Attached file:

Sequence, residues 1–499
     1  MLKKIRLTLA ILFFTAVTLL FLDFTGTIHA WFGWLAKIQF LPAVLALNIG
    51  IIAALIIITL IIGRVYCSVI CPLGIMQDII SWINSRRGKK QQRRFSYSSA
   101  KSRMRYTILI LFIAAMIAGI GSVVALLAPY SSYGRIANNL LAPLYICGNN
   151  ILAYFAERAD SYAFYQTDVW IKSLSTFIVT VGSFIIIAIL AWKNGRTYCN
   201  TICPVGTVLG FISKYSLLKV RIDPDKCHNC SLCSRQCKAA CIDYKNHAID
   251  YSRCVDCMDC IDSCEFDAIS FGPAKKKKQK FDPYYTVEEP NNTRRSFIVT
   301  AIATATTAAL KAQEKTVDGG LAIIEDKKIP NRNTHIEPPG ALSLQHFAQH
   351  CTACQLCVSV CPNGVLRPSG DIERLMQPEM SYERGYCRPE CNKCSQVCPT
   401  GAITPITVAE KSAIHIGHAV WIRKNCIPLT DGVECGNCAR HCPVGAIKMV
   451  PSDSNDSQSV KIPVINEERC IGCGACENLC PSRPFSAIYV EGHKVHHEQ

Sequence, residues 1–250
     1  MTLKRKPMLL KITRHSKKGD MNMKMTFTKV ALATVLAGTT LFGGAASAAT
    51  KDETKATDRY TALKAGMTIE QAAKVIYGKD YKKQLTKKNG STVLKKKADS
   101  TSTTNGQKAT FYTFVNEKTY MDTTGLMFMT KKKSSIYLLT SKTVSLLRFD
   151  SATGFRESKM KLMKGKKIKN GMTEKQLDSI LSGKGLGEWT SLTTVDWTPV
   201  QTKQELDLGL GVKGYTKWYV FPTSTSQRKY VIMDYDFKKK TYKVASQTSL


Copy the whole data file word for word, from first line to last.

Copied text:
Sequence, residues 1–499
     1  MLKKIRLTLA ILFFTAVTLL FLDFTGTIHA WFGWLAKIQF LPAVLALNIG
    51  IIAALIIITL IIGRVYCSVI CPLGIMQDII SWINSRRGKK QQRRFSYSSA
   101  KSRMRYTILI LFIAAMIAGI GSVVALLAPY SSYGRIANNL LAPLYICGNN
   151  ILAYFAERAD SYAFYQTDVW IKSLSTFIVT VGSFIIIAIL AWKNGRTYCN
   201  TICPVGTVLG FISKYSLLKV RIDPDKCHNC SLCSRQCKAA CIDYKNHAID
   251  YSRCVDCMDC IDSCEFDAIS FGPAKKKKQK FDPYYTVEEP NNTRRSFIVT
   301  AIATATTAAL KAQEKTVDGG LAIIEDKKIP NRNTHIEPPG ALSLQHFAQH
   351  CTACQLCVSV CPNGVLRPSG DIERLMQPEM SYERGYCRPE CNKCSQVCPT
   401  GAITPITVAE KSAIHIGHAV WIRKNCIPLT DGVECGNCAR HCPVGAIKMV
   451  PSDSNDSQSV KIPVINEERC IGCGACENLC PSRPFSAIYV EGHKVHHEQ

Sequence, residues 1–250
     1  MTLKRKPMLL KITRHSKKGD MNMKMTFTKV ALATVLAGTT LFGGAASAAT
    51  KDETKATDRY TALKAGMTIE QAAKVIYGKD YKKQLTKKNG STVLKKKADS
   101  TSTTNGQKAT FYTFVNEKTY MDTTGLMFMT KKKSSIYLLT SKTVSLLRFD
   151  SATGFRESKM KLMKGKKIKN GMTEKQLDSI LSGKGLGEWT SLTTVDWTPV
   201  QTKQELDLGL GVKGYTKWYV FPTSTSQRKY VIMDYDFKKK TYKVASQTSL